Gelatin is somewhat of a superfood, having its heyday again after years of misguided vilification. It is the cooked form of animal collagen, which contains an unusually high amount of the amino acids, glycine and proline. Aside from getting a small supply whenever you eat gelatinous meaty dishes, there are three other ways to boost your intake. By consuming bone broth; using the storebought powdered or sheet form; or preparing your own homemade gelatin.
Benefits of gelatin – why we all need it
Gelatin’s health benefits are extensive. It is wonderful for the gut and digestion in general. And it’s also well known for assisting with joint health and arthritis pain, largely due to its chondroitin content. The impressive amounts of glycine make it a wonderfully calming food for people suffering with anxiety, stress or restless sleep. (Especially children!)
Sourcing vs. making gelatin
Gelatin is naturally found in the skin and cartilage of animals. It readily dissolves in boiling water and forms a gel as it cools. As a gelling agent, it is used by food manufacturers, pharmaceutical and cosmetics companies.
Boiling up the right types of bones to make homemade bone broth or fish stock is one way to source natural gelatin for our bodies. However, if you’re wanting to make marshmallows or jellies, a big slosh of beef broth can be hard to camouflage!
Alternatively, you can readily buy gelatin in the form of sheets, granules and powder. Unfortunately, most store-bought varieties, are sourced from factory-farmed pigs. This study demonstrated the nutritional superiority of gelatin from chicken feet and found that it contained twice the amount of collagen than commercial gelatin. Having said that, there are some great brands of quality gelatin from grass-fed animals now on the market. When homemade gelatin isn’t an option, I love this one (not an affiliate – just a fan). You can find the Australian distributor here.
Enter option three: homemade gelatin
You’ll get all of the potent benefits of gelatin that is easy to digest, without a strong flavour, making it perfect for desserts and sweet treats. Making it from scratch means you can also control the ingredients you use.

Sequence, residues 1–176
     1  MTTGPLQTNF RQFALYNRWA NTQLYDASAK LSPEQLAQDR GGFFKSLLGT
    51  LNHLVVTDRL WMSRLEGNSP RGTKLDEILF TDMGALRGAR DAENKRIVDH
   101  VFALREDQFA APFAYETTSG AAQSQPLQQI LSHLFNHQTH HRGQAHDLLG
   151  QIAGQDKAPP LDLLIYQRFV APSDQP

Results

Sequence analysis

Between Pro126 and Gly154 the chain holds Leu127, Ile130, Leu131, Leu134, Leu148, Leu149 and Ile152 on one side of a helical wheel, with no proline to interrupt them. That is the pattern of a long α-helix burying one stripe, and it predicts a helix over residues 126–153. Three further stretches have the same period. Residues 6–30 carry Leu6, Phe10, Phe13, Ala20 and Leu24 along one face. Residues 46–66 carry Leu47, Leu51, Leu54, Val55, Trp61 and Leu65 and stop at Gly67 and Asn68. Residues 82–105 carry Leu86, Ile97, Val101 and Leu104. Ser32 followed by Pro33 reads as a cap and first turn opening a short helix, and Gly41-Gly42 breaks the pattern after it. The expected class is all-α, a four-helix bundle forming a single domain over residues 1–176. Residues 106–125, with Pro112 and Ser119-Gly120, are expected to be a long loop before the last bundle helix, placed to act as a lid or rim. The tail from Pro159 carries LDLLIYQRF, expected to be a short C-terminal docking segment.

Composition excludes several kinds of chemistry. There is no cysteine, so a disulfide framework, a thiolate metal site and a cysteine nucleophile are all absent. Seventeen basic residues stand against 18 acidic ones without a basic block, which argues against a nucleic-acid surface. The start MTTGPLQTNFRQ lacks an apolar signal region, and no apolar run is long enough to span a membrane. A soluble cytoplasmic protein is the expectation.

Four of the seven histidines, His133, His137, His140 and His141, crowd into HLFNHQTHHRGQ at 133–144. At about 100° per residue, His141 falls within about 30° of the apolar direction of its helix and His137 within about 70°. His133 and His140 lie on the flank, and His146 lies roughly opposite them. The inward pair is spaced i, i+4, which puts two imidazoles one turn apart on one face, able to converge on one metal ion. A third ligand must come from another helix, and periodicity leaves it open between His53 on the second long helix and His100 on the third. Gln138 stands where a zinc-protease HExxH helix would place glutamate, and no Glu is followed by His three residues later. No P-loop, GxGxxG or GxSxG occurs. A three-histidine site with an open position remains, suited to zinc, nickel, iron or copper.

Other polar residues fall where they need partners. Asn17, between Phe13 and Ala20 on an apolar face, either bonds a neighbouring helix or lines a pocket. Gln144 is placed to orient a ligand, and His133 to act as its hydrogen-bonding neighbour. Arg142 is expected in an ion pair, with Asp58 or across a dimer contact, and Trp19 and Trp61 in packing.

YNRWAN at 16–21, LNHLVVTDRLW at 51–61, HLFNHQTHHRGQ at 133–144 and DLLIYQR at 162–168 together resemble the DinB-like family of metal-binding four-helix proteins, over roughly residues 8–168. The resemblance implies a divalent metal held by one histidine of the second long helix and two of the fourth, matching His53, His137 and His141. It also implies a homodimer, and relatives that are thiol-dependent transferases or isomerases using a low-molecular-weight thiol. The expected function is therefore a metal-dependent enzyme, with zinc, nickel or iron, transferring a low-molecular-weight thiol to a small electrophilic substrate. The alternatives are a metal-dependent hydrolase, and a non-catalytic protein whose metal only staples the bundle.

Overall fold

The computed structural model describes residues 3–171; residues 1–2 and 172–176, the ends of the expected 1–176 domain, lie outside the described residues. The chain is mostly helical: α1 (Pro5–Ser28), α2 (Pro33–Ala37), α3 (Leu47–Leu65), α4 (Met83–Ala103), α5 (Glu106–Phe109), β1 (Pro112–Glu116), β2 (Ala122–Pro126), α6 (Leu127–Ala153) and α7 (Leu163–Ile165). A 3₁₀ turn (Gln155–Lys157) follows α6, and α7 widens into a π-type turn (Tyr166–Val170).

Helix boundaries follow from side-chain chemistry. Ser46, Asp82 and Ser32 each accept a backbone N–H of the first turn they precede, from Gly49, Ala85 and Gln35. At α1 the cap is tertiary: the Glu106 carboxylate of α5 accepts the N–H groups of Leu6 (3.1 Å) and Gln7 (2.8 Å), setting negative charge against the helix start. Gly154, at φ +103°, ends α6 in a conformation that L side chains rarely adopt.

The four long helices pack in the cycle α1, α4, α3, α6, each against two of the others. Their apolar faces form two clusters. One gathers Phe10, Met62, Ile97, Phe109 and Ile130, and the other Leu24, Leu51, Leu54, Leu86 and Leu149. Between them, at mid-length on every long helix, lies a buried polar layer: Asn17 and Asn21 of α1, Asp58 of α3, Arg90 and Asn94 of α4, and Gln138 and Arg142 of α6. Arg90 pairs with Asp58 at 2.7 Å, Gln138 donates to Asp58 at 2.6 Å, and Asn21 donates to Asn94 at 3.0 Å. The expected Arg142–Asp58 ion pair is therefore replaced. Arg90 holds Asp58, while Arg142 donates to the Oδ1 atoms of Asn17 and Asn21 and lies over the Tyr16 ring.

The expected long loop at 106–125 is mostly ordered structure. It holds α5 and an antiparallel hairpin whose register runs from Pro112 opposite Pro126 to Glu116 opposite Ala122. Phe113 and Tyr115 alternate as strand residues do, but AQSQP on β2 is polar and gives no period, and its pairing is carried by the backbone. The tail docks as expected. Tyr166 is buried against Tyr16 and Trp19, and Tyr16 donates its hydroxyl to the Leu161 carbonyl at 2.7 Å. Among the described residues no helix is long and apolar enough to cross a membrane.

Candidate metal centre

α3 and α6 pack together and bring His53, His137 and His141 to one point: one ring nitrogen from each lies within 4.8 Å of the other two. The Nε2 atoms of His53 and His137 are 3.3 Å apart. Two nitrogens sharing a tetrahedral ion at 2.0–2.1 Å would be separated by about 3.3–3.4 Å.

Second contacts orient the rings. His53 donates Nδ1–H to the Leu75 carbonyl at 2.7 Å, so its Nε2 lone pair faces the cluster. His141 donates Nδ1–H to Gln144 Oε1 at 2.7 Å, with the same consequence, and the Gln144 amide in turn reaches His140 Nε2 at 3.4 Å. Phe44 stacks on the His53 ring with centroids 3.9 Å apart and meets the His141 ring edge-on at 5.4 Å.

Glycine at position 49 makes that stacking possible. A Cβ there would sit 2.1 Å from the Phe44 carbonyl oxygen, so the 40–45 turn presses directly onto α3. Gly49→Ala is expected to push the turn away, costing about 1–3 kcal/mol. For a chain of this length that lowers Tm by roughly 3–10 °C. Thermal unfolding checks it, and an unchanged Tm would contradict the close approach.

I found this Brazilian study that tested the ‘likeableness’ of flavoured jellies produced from chicken feet, interesting. The objective was to utilise what would otherwise become industrial waste from chicken processing plants. The jellies rated well with tasters!
The best gelatin will come from local, pastured and organic animals. And by making use of the feet, we are helping to support a system that is more focused around nose-to-tail consumption. This means we’re honoring the animal and minimising waste, by using every part. It also allows farmers and butchers alike, to sell the whole animal. A win for all.
How to use neutral-flavoured gelatin
Homemade gelatin is easy to prepare and the end product is very versatile. You simply plop the cubes into virtually any food or drink. It won’t be detected, even by the fussiest of eaters. For those with a sweet tooth, you can add it to smoothies and desserts. (It’s best to add it in its melted form). Or simply include a few cubes during cooking, to just about any soup, stew, bolognese, stir-fry, rice or mashed potato.
Definitely pop a cube or two in your tea. Especially in the evenings, as the high glycine content is beneficial in promoting restful sleep. You can even use melted gelatin as a hair treatment, mixed with honey, apple cider vinegar and water.
People who have issues with histamine may find that they need to stick with small amounts and build up gradually. Although in my experience, this type of gelatin is much more easily tolerated than regular beef broth and gelatin powders.
Ready to try it? Here’s some stunning inspiration. My Strawberry, Vanilla & Fingerlime broth pops recipe!
- 1-2kg of chicken feet or pork trotters (or both)
- Place the feet in a large pot of water. Bring to the boil over high heat, then discard the water and rinse the feet well.
- Return the feet to the pot, with enough water to cover and bring to the boil once more. Skim any foam that rises to the top and discard.
- Reduce the heat and simmer gently, covered, for 2-4 hours.
- Towards the end of the cooking period, skim as much of the fat off the surface as you can, using a ladle. You can save this for cooking or discard if you wish.
- Remove the pot from the heat and strain the liquid through a collander into a rectangular dish or tray. Allow to cool somewhat, before transferring to the fridge to set. Slice into cubes for convenient use and store in an airtight container in the fridge (for up to 3 days) or freezer (up to 3 months).